In August 2015, our attorneys filed a consolidated class action complaint against Catalina Restaurant Group, the parent company of Coco’s Bakery and Carrows Restaurants, alleging that Catalina violated the Worker Adjustment and Retraining Notification (WARN) Act when it closed approximately 75 Coco’s Bakery and Carrows restaurants on April 1, 2015, terminating thousands of restaurant employees and managers. Many restaurant employees were told not to report to work on April 1, 2015, and to come back for a “mandatory meeting” on April 3, 2015. Then, on, and shortly after April 3, the defendants laid off nearly all of the employees of the closed restaurants.
The laid-off employees were not given advance notice that they were losing their jobs. These employees were offered no severance pay, and those whose compensation included medical insurance benefits were told that their coverage would be cut off after one week.
Court Rules in Favor of Catalina Restaurant Group
In February 2017, the court granted summary judgment in favor of Catalina on Plaintiffs’ WARN Act claims. The court found that because Catalina did not terminate 50 or more employees from any single location, it did not violate the WARN Act.
The court explained that while Catalina restaurants shared staff and inventory, and were sometimes geographically close to each other, they were not intertwined enough to constitute a “single site of employment” under the WARN Act. Therefore, the judge dismissed all of Plaintiffs’ claims and found in favor of Catalina.
Coco’s Bakery and Carrows Restaurant Closures a Surprise to Employees
According to news reports, most employees at Coco’s and Carrows locations were not given notice of the closures, and many workers learned of them when they showed up at the restaurants ready for work. The Desert Dispatch reported that employees at a Coco’s Bakery in Barstow, California learned of their terminations when they showed up at work and found a sign on the restaurant’s door declaring that “[a]ll shifts are hereby canceled pending further notice.”
Former employees also reported that nearly all of the employees at the Carlsbad headquarters were laid off without notice as well.
Food Management Partners did not offer severance pay to workers who were laid off, and medical insurance benefits were scheduled to end after a week according to former employees.
More than 3,000 Coco’s Bakery and Carrows restaurant employees lost jobs, former employee estimates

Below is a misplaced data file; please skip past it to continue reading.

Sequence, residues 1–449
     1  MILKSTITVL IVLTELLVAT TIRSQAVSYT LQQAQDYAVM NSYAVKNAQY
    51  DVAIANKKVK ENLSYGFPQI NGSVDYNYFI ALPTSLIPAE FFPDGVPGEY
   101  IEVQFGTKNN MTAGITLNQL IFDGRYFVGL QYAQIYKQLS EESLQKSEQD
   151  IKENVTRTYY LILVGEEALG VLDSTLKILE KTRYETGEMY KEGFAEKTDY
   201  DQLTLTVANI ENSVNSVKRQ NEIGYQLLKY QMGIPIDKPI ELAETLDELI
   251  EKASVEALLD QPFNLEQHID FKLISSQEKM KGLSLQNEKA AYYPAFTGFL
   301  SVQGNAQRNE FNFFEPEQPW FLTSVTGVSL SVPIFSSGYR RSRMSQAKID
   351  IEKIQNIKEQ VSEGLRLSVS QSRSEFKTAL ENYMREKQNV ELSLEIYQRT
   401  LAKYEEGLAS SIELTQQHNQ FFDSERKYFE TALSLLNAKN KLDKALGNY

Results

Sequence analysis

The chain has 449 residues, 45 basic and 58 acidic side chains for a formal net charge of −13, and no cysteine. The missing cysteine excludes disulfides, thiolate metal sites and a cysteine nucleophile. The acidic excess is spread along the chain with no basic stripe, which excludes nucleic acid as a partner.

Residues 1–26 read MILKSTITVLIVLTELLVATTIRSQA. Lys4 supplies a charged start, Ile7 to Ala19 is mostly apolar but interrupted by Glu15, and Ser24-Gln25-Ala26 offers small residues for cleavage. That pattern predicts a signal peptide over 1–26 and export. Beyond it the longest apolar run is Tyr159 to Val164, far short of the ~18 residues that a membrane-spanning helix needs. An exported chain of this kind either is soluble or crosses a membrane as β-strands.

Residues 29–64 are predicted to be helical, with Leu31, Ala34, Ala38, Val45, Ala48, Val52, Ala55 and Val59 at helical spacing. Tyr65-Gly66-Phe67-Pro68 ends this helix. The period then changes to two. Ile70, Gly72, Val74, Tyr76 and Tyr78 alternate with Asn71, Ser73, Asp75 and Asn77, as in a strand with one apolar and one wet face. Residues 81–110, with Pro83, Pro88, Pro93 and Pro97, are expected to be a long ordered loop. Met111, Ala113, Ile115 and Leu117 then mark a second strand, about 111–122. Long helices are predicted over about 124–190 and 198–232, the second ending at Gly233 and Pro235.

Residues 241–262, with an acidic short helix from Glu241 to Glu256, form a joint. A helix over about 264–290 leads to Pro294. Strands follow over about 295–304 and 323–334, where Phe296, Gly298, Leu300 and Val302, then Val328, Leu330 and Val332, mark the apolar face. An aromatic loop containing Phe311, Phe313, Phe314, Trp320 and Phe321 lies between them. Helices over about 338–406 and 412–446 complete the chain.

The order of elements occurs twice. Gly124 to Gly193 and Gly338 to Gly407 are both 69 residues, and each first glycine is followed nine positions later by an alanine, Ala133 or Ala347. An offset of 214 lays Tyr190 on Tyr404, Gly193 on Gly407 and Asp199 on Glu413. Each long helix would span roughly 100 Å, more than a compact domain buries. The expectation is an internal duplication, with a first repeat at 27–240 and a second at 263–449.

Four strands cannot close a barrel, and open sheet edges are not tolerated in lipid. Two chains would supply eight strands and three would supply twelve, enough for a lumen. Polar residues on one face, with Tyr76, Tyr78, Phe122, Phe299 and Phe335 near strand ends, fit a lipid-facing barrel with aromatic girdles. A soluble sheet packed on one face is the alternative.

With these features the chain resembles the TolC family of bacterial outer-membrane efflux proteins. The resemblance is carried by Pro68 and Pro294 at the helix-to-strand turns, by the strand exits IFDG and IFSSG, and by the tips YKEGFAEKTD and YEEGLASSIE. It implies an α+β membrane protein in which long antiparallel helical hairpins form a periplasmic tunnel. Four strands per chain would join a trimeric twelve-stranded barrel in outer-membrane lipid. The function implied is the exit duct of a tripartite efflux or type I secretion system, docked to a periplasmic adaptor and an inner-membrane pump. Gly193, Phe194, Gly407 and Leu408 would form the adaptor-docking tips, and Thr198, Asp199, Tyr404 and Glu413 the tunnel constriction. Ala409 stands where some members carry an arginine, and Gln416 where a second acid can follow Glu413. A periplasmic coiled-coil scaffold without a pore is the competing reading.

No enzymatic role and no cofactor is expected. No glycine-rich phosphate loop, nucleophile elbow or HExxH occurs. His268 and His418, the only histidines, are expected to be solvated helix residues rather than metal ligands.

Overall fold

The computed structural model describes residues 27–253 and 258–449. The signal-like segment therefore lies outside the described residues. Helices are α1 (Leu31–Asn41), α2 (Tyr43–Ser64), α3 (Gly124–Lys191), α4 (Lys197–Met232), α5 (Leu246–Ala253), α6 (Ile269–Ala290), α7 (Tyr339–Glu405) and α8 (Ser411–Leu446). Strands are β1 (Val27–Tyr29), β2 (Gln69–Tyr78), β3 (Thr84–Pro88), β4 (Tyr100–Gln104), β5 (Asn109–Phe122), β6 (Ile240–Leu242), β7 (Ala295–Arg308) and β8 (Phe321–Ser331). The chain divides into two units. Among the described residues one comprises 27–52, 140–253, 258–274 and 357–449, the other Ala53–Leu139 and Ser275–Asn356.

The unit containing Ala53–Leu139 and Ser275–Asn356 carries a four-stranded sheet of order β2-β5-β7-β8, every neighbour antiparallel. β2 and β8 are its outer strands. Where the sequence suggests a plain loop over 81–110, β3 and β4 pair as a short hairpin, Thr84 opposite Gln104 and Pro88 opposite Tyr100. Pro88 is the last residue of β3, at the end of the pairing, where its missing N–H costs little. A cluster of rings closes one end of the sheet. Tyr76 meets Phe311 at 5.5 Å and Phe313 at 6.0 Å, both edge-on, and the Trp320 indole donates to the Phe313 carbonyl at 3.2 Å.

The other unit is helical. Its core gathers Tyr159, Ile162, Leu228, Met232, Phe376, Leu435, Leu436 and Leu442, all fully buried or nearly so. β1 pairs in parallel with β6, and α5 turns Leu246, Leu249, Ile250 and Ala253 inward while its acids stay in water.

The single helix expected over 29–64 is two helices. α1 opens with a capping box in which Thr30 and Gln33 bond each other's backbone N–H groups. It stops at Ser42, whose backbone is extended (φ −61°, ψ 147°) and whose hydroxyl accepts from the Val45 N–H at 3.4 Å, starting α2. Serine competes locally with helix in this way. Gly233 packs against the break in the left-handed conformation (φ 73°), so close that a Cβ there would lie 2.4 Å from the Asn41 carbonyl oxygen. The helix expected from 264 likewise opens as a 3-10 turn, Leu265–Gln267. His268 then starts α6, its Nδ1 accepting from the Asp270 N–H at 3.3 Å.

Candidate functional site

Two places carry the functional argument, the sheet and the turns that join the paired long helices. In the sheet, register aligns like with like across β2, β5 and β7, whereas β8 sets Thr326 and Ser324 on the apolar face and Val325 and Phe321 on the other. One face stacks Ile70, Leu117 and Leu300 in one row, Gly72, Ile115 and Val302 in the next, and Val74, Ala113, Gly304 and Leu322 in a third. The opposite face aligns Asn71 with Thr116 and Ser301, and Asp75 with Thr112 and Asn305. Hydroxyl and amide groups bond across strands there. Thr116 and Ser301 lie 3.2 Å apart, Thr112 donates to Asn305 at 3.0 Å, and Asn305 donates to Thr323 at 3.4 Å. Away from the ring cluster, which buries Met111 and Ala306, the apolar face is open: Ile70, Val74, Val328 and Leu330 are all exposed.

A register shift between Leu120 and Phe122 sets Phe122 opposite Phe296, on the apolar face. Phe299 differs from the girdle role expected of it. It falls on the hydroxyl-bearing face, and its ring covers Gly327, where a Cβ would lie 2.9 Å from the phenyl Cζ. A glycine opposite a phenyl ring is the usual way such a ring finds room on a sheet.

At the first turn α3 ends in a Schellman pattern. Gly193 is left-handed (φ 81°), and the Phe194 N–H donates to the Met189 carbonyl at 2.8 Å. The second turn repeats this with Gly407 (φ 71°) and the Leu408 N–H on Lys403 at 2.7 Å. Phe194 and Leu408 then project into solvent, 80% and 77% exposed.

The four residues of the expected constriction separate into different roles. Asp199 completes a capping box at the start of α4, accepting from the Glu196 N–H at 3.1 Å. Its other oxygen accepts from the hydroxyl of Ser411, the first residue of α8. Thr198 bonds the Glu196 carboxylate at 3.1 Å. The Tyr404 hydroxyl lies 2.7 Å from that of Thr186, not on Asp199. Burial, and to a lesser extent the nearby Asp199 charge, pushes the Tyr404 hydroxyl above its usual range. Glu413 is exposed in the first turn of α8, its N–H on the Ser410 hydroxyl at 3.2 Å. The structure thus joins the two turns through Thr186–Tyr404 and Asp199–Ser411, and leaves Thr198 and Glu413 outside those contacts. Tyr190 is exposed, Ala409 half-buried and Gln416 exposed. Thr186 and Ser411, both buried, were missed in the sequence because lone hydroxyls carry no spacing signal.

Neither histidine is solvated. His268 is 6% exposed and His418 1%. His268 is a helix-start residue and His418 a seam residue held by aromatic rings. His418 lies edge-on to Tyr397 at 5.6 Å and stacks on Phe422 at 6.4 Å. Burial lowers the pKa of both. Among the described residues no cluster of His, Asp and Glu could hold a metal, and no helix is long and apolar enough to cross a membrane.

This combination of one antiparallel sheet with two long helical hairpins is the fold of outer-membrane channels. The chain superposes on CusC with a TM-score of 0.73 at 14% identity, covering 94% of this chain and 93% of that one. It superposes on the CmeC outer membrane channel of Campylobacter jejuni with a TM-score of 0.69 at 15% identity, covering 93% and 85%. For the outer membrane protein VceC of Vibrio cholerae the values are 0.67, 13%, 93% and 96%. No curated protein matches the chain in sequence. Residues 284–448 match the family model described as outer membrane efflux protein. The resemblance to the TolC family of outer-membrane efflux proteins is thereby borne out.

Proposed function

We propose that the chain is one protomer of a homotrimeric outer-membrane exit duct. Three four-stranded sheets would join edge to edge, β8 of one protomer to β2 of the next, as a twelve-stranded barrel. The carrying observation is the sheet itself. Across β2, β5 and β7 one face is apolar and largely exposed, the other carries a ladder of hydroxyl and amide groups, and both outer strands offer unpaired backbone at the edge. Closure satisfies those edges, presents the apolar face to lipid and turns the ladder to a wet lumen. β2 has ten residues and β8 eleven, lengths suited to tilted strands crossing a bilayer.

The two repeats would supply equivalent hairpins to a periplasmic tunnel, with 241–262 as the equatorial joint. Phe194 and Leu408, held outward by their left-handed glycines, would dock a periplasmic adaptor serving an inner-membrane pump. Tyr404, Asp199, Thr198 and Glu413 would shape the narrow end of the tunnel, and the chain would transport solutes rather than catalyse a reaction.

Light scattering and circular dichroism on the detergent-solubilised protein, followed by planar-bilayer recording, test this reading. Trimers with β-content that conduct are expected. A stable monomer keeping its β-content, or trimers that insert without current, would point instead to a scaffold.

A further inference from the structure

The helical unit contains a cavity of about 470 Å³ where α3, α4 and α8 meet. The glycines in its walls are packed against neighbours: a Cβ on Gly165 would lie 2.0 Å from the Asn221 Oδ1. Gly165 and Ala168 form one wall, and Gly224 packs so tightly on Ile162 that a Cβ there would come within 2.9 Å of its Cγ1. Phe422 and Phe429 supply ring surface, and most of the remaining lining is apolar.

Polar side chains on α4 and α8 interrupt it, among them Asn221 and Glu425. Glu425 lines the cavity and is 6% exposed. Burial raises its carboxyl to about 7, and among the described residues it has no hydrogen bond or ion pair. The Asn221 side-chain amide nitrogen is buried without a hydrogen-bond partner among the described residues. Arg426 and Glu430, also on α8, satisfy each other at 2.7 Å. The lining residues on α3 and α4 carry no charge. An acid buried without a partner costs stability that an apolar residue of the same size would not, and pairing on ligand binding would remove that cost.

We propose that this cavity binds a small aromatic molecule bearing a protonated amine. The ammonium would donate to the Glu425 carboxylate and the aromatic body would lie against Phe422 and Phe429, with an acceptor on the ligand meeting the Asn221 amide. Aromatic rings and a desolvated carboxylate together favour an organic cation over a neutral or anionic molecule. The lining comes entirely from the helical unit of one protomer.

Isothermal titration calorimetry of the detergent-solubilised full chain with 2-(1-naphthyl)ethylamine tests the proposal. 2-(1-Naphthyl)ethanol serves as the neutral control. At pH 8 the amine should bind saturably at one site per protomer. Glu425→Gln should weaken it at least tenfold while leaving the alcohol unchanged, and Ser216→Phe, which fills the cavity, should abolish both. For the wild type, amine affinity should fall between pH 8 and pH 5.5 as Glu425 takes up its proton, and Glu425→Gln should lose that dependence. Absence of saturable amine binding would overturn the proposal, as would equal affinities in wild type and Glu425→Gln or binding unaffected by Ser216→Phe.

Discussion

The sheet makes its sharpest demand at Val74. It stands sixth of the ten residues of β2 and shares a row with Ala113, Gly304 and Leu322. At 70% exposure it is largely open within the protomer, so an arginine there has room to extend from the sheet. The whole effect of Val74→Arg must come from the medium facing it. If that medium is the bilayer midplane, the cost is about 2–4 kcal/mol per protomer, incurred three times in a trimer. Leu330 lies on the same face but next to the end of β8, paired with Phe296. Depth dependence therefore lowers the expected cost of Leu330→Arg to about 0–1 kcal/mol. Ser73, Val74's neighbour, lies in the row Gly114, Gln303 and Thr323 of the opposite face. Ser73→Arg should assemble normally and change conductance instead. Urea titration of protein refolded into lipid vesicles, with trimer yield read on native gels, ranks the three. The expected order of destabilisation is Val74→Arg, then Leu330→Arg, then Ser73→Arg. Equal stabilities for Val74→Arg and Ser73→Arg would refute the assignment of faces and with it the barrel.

According to Nation’s Restaurant News, one former employee estimated that more than three thousand workers lost their jobs. Most of the closed restaurants were located in California, but Food Management Partners has closed certain restaurants in Nevada and Arizona as well.
WARN Act Protects Employees After Mass Layoffs
Employers who conduct a mass layoff or close a work location may be required to provide employees at least sixty days advance written notice under the federal WARN Act, as well as state laws such as California’s WARN ACT.
If a company does not give advanced notice before certain mass layoffs or work location closures, employees may be able to seek damages for back pay and benefits for up to sixty days, depending on the amount of notice given before the layoff.
The federal WARN Act applies to employers who have 100 or more employees (excluding employees who have worked for less than six months and those who work less than 20 hours per week). State WARN Acts may provide even greater worker protections than the federal WARN Act, and apply to layoffs affecting fewer people.
Your employer may be required to give you advance written notice of a layoff under the WARN Act if:
- Your employer conducts a “plant closing,” where your employer shuts down a facility or operating unit at a single site of employment and lays off at least 50 full-time workers
- Your employer conducts a “mass layoff,” where your employer lays off either:
- Between 50 and 499 full-time workers at a single site of employment and that number is 33% of the number of full-time workers at the single site of employment
- 500 or more full-time workers at a single site of employment.
|Acosta||$9.9 million for unpaid overtime and business expenses|
|Spansion||$8.5 million for employees laid off without proper notice|
|Masco||Backpay for workers who were misclassified|
|Fleetwood||Backpay for employees laid off without proper notice|
|Cosmo||$1 million for merchandisers who were not compensated for off-the-clock work|
|First Franklin||Backpay for workers who were not paid overtime|
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Gibbs Law Group LLP has earned Tier-1 rankings for Mass Tort and Class Action Litigation and has been named in the U.S. News – Best Lawyers “Best Law Firms” list for four consecutive years since 2013.
We have recovered over a billion dollars for our clients against the world’s largest corporations in cases concerning auto defects, drug and medical device injuries, data breaches, securities fraud, antitrust matters, and employment law violations. Our advocacy has been nationally recognized by the courts, our peers, and our clients.